Meet Greg Balkin
The Seattle-Based Photographer Tells Us the Tales of His Life on the Road
For photographer Greg Balkin, 2015 was a life-changing year during which he packed up his life in Los Angeles and hit the road. Living out of his car, which he affectionately named Walter, Balkin took full advantage of his newfound freedom and traversed the West Coast for around 10 months. We spoke with Balkin to learn more about what he learned living as a contemporary vagabond. Read the interview below and find out more about the generation of travelers who are giving up a life in four walls to live on the go in our books Off the Road and The New Nomads.
What was the breaking point? What was the final push to get you out of an apartment and into a van?
Not much of a fairytale story to this one: my girlfriend of a few years and I decided to split ways, so it seemed like a logical thing at the time. I was living just outside of Los Angeles and didn’t feel like moving back into the city, and my friends up in Seattle weren’t available to renew the lease until later in the year. So, as all good adventures start, I made a blind decision to leave my apartment the next day and not return until it was time to move my belongings into storage. For the first two months, I loaded a bunch of stuff into the back of my car and mostly camped and slept on friends’ couches. Eventually I put the plans together and built a small platform in the back of my 2011 Honda CR-V and my new home got way comfier. I still can’t sit up in there and I don't have back seats, but I wouldn't change it for a thing. That’s #compactSUVlife.
How long have you and Walter known each other? And how long were you two on the road together?
I got my car back in January 2014, which was conveniently the day before I broke my wrist skateboarding—my first broken bone in over 10 years of skating. It wasn’t until around February 2015 that I pulled the back seats out and started the transformation. I started paying rent again in September, but we were on the road together from February until the beginning of 2016.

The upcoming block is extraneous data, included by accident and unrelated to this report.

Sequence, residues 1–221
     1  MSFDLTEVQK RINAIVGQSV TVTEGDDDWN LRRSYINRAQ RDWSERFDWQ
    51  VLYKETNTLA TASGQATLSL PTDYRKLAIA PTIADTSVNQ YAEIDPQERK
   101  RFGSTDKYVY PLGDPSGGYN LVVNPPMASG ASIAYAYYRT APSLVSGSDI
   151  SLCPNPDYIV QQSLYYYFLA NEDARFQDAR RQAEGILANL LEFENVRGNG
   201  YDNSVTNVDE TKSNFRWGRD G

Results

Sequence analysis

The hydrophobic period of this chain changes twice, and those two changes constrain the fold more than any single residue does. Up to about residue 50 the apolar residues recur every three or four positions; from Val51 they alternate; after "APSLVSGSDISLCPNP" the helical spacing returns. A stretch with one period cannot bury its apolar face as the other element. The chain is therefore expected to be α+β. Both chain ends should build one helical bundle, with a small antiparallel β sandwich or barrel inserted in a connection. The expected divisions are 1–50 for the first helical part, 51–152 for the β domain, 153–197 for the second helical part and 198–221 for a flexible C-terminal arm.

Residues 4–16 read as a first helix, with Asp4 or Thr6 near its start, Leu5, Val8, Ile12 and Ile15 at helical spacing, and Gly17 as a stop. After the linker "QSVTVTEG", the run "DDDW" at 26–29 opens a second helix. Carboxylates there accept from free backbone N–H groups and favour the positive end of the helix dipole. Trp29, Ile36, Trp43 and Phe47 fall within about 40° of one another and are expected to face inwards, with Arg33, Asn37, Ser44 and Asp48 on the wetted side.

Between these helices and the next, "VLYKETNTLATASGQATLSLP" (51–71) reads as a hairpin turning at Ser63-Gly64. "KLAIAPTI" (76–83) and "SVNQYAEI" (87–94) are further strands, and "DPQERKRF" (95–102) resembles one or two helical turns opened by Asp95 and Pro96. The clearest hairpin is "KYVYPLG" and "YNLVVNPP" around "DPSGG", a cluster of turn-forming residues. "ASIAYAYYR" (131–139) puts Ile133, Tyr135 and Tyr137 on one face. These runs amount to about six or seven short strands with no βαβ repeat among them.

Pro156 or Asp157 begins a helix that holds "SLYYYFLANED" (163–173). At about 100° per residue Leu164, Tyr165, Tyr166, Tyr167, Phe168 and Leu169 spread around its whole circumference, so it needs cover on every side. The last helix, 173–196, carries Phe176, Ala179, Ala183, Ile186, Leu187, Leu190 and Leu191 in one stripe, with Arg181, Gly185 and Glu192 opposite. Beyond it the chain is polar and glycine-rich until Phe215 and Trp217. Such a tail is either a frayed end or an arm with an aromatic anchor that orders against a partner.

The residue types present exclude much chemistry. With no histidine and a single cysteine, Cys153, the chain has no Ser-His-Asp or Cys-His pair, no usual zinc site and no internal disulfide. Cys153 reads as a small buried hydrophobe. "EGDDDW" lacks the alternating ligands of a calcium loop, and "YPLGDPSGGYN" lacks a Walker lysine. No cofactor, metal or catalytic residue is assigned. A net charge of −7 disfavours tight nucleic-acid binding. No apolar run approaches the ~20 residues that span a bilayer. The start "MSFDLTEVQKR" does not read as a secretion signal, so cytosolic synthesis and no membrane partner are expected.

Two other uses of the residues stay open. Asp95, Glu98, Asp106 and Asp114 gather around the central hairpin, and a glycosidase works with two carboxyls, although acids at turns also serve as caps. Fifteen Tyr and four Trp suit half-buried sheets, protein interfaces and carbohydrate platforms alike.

What did you learn while living on the road? Where there any unexpected challenges?
Living out of your car has its ups and downs, but it’s certainly not a glamorous life, though my thoughts might be different if I could stand up inside my car... The hardest challenge for me was overcoming how lonely it can get. You’re by yourself with neither the space to stand up nor decompress. It feels like you’re constantly on the go or have to hop from place to place. You have no shower and no dependable bathroom; your friends have their own lives and you don’t want to inconvenience them. It’s an odd feeling, but it hit me hard when I was back in LA earlier last year. I was also shooting weddings full time last year, so managing my camera, work, and security while trying to look like I didn’t live out of my car on a wedding day was always a fun challenge. Most of the time, though, it was great. I learned how to get rid of the clutter in my life (but I was sort of forced into that one). Mainly, I learned to be okay with unexpected problems and how to avoid getting overwhelmed. I learned how to stop planning so much and just wing it—and how to be okay with not showering all the time.